|12||Diagnostic Range||Generally detects active infection||Often detects exposure history|
|13||Viral Load Measurement||Often not suitable for viral load measurement||Not suitable for viral load measurement|
|14||Presence of Antibodies||Not relevant to the test||Central to the test|
|15||Antibody Titer||Not applicable||Can be measured as antibody titer|
|16||Diagnostic Use||Often used for rapid diagnosis||Used for diagnostics, screening, and monitoring|
|17||Antigen-Antibody Complex||Directly visualized in positive cases||Not relevant to the test|
|18||Amplification Process||Generally does not involve amplification||Not applicable for direct tests|
|19||Maternal-Fetal Transfer||Can’t indicate maternal-fetal transfer||Can indicate maternal-fetal transfer|
|20||Tissue Involvement||Not usually involved in tissue diagnosis||Not relevant to the test|
|21||Point-of-Care Use||Commonly used for point-of-care testing||Less commonly used at the point of care|
|22||Diagnostic Window||Often detects infections during acute phase||May detect infections during acute or convalescent phase|
|23||Maturation Time||Rapid, as it involves direct detection||Slower, as it depends on antibody development|
|24||Multiplexing||Limited to detecting a specific target||Can be used for multiplexing|
|25||Quantitative Analysis||Not applicable for direct tests||Can provide quantitative data|
|26||Virus Mutation Detection||Limited ability to detect viral mutations||Not applicable for direct tests|
|27||Chronic Infections||Often detects acute infections||Can detect both acute and chronic infections|
|28||Sample Type||Requires samples with antigens or pathogens||Requires samples with antibodies|
|29||Abbreviation||DST (Direct Serologic Test)||IST (Indirect Serologic Test)|
1) Which serology tests are available, and how do they operate?
Qualitative serology tests provide a simple “yes” or “no” answer as to whether a subject has ever been exposed to SARS-CoV-2. The most popular quick serology test, lateral flow assays (LFAs), provides a qualitative readout of positive or negative results.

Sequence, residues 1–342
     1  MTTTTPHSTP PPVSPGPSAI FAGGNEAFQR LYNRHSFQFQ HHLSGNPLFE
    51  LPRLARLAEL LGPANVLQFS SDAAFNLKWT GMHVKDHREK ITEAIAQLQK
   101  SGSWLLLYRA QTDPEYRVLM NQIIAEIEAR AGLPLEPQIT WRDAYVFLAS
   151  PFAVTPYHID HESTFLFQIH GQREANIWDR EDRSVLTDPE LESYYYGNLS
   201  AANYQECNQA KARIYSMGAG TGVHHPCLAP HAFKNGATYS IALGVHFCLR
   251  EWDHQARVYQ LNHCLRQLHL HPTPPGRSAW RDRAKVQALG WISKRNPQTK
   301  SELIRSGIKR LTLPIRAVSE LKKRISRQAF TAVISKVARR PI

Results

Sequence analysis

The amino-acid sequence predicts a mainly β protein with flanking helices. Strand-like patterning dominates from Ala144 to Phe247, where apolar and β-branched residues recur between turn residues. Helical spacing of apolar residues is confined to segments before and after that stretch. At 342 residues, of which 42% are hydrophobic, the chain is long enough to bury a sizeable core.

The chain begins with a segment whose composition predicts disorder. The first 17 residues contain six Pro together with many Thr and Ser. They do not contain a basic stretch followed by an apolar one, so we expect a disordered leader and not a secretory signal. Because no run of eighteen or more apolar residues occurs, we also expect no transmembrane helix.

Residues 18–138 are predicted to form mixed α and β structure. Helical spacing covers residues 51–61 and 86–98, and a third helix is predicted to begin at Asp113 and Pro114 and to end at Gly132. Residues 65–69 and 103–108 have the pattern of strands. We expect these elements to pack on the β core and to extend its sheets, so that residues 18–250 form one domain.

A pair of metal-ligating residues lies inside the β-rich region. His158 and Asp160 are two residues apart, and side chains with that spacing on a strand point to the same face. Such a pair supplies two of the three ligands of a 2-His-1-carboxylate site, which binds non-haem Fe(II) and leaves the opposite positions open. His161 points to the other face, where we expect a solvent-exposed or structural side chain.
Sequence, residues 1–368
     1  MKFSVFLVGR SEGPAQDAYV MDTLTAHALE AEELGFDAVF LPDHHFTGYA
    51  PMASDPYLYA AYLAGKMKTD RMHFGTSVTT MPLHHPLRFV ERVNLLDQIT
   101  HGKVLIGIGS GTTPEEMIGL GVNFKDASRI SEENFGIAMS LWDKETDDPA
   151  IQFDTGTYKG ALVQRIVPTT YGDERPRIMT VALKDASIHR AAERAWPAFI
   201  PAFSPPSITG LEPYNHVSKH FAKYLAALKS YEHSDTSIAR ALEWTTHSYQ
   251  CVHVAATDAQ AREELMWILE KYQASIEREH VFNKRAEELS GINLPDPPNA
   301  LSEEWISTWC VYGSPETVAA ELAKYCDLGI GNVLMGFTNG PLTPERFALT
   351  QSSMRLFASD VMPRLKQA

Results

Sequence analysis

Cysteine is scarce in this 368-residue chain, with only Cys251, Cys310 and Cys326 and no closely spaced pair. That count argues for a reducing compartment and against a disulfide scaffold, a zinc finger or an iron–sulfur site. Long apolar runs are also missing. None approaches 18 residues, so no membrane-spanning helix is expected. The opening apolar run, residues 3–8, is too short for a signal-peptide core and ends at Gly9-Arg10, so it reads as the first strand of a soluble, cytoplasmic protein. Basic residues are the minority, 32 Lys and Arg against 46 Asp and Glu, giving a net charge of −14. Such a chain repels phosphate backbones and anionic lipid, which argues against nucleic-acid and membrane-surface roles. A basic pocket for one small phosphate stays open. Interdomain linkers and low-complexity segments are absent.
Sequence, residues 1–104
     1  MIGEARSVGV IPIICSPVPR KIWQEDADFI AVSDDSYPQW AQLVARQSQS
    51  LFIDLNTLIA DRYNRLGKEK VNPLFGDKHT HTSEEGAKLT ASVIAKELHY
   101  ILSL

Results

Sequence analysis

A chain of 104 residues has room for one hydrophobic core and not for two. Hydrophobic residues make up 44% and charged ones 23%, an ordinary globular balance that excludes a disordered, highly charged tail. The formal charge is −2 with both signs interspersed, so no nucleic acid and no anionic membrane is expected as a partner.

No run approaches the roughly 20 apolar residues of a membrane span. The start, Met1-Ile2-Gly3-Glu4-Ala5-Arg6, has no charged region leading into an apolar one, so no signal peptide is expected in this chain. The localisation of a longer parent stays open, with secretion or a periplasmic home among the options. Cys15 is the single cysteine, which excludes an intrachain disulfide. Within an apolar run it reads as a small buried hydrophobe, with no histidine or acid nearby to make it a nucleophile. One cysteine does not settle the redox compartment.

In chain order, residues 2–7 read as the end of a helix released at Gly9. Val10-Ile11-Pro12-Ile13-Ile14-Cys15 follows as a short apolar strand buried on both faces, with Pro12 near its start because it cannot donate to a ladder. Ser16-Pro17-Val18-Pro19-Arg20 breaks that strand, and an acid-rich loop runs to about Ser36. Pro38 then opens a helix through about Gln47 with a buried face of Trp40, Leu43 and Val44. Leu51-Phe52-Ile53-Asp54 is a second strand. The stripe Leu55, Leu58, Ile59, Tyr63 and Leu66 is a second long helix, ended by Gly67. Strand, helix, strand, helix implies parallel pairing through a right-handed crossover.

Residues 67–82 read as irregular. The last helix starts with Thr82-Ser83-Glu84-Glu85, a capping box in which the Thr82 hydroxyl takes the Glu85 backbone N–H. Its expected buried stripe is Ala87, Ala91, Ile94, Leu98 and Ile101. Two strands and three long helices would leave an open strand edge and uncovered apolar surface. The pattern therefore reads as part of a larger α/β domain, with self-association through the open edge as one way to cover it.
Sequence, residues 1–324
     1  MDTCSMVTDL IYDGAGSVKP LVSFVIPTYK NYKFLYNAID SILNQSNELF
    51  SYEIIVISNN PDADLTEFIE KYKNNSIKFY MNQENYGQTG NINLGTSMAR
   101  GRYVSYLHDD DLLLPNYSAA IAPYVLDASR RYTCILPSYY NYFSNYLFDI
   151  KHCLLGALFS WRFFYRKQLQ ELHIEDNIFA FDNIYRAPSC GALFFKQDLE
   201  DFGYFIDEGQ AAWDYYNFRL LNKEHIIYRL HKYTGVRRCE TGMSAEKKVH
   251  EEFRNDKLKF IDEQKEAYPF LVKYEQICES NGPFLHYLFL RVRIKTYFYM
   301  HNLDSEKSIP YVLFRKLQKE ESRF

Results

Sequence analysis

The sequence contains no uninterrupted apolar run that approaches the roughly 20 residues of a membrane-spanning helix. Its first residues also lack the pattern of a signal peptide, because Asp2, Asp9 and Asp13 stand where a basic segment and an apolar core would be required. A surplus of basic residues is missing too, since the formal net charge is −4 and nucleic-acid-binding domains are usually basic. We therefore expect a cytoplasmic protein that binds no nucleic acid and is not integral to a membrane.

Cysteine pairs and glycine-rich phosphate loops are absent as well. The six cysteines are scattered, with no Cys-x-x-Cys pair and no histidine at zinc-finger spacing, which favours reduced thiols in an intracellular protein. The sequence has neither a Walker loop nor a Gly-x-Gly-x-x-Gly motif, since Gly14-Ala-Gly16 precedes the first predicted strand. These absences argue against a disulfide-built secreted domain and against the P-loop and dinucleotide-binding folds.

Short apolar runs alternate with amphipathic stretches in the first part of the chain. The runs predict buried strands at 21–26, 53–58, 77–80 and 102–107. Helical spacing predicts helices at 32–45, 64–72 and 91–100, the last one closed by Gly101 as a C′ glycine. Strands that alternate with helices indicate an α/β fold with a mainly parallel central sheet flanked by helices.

An individual’s “serostatus,” a phrase frequently used in public health to denote whether a person is positive or negative for the antibodies of interest, can be determined from this kind of test.
Chemiluminescent immunoassays (ChLIAs) and enzyme-linked immunosorbent assays (ELISAs), two quantitative serology procedures, provide more accurate results, such as the quantity of antibodies in a patient sample.
2) What varieties of serology tests are available?
Enzyme-linked immunosorbent assay (ELISA)
Rapid serology test (RST)
3) What is revealed by the neutralization assay?
It provides information on the existence of active antibodies in patient serum that can stop viral growth ex vivo in a cell culture system.
4) What are the fundamental issues with serological laboratory diagnosis?
Infectious disease serological laboratory diagnosis is plagued by a variety of fundamental issues. The twofold indirect nature of the serological detection of viral illnesses presents one challenge: Finding the microbiological agent that caused the illness is the primary indirect goal of diagnosing an infectious disease. By assessing the patient’s immune response to the probable agent, the second indirect goal is to identify this infectious agent. As a result, the serological test measures the patient’s immune system rather than the disease itself or its etiology.
5) What serologic test is required to confirm a syphilis diagnosis?
Nontreponemal tests and treponemal tests must be used in conjunction to diagnose and establish the stage of syphilis.